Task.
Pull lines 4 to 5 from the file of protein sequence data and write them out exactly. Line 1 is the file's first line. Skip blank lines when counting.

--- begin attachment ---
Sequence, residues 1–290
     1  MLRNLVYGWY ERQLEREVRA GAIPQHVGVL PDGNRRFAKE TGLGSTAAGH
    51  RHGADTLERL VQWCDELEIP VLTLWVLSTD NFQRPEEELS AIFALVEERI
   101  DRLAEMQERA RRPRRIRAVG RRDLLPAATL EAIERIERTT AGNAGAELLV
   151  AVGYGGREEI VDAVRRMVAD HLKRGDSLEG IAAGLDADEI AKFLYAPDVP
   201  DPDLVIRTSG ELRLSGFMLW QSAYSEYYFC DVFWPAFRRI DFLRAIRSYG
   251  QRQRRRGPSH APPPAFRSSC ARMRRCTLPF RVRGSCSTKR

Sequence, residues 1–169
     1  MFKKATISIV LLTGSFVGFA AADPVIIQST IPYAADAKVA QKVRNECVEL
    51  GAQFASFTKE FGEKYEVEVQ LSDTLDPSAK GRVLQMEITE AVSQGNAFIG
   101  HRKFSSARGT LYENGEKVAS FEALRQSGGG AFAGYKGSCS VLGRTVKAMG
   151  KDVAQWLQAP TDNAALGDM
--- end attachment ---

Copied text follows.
   101  DRLAEMQERA RRPRRIRAVG RRDLLPAATL EAIERIERTT AGNAGAELLV
   151  AVGYGGREEI VDAVRRMVAD HLKRGDSLEG IAAGLDADEI AKFLYAPDVP